What's in the 2014 Farm Bill?

The ultimate deal was far from perfect, but it reflects the growing power of the food movement and it just might hint at the beginnings of a new direction for American agriculture.
This post was published on the now-closed HuffPost Contributor platform. Contributors control their own work and posted freely to our site. If you need to flag this entry as abusive, send us an email.

The purpose of the Farm Bill is to balance the immediate needs of feeding the country with the long term goal of ensuring a sustained food supply.

In order to unite the interests of both urban and rural communities, the Farm Bill combines food assistance for our fellow country men, women and children in need, along with longer term agricultural policies. The Farm Bill once united the country, but since 2012 it has become highly contentious in Congress. Decades of agriculture policies that promoted industrial agriculture created powerful industries that refused to compromise.

On the other hand, the damage caused by industrial agriculture united a diverse coalition demanding safeguards and policies that promote more integrative agricultural practices like organic farming. And all the while, Republican negotiators were bent on draconian cuts to food assistance programs, which as Congresswoman Rosa DeLauro (D-CT) said in a House floor speech this week, "will push Americans already living on the edge, that much closer to the brink."

The most striking thing about the final Farm Bill is not the success for sustainable agriculture, but the greatness of the defeat suffered by monopoly giants. It may have been the result of Republicans' laser-like focus on cutting food stamps, but there was a notable shift.

Perhaps the biggest victory was the defeat of the "King Amendment." Over 500 organizations, newspapers and officials stood up in opposition to the King Amendment which which would have negated state and local laws regarding the production or manufacture of agriculture products.

"The dangerous King Amendment could have nullified hundreds of state laws on animal welfare, food safety, and other important issues," said Michael Markarian, president of the Humane Society Legislative Fund.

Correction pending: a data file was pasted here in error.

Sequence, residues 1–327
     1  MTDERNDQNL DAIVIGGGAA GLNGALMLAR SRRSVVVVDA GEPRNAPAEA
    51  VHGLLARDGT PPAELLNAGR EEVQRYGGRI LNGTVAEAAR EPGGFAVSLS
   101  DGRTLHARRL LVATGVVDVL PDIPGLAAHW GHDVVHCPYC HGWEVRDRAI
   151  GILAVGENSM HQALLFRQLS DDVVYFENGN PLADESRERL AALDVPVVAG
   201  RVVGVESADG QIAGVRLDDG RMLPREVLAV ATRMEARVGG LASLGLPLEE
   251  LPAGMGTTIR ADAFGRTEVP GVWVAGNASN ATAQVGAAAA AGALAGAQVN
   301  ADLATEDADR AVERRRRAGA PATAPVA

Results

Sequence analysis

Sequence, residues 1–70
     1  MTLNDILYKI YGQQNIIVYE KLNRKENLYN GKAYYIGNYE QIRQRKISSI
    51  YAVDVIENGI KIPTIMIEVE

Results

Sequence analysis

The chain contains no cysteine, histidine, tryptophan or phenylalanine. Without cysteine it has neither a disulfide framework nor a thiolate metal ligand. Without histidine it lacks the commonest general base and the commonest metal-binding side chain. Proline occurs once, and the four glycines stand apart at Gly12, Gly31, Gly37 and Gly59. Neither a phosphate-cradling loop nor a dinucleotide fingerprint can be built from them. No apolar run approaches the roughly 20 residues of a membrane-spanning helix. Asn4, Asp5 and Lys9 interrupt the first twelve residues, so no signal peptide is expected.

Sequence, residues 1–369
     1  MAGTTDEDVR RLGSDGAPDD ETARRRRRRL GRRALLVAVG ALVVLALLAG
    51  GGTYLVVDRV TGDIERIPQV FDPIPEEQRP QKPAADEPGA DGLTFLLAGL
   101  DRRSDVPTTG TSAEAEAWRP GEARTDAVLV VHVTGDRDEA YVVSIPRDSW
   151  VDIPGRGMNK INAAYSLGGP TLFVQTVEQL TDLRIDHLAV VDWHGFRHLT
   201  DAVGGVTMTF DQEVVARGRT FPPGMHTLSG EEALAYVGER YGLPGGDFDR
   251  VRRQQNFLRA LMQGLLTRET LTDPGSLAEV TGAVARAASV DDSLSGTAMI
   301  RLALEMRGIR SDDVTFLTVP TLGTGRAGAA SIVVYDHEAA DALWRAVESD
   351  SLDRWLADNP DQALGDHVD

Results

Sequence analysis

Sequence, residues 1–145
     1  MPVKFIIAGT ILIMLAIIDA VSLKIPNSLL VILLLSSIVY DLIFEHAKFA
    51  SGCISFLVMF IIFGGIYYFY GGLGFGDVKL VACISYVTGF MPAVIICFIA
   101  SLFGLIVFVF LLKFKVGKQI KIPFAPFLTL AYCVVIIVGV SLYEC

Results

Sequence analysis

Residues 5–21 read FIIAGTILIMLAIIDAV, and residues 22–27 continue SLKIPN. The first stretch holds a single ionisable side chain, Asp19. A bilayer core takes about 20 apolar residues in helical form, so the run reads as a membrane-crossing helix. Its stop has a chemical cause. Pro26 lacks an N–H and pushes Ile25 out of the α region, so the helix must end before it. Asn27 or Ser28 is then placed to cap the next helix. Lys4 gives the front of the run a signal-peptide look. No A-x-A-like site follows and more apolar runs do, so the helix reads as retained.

"The conference committee produced a Farm Bill that will fortify the federal law against organized and barbaric dogfighting and cockfighting rings," said Wayne Pacelle, president and CEO of The Humane Society of the United States.

Full funding for organic farm programs is a big victory. In the U.S., demand for organic food products far exceeds supply. Funding programs, although quite small, will begin to help domestic farmers transition to organic farming to meet this growing demand.

Another victory: The meat and poultry lobby had sought to cripple Country of Origin Labeling (COOL) requirement for meat, but the requirements remain intact.

Further corporate overreach was defeated in the form of a little-known provision called the "GIPSA rider." GIPSA stands for Grain Inspection, Packers and Stockyard Act. The GIPSA rider would have put restrictions on the authority of USDA to address fraudulent, deceptive and retaliatory business practices.

"The GIPSA rider was a congressional attempt, on behalf of the poultry integrators, to override fair business practice regulations that address the way the industry treats the farmers that produce chickens for them," said Steve Etka of the Campaign for Contract Agriculture Reform.

Ultimately, the food safety, animal welfare, sustainable agriculture and environmental communities united and achieved significant progress this year.

"The food movement didn't win the major structural reforms that are called for, but we held the game in play and stopped the most egregious policies," said Colin O'Neil of the Center for Food Safety. "Our major victories are BIG defeats for the usual power players."

The ultimate deal was far from perfect, but it reflects the growing power of the food movement and it just might hint at the beginnings of a new direction for American agriculture.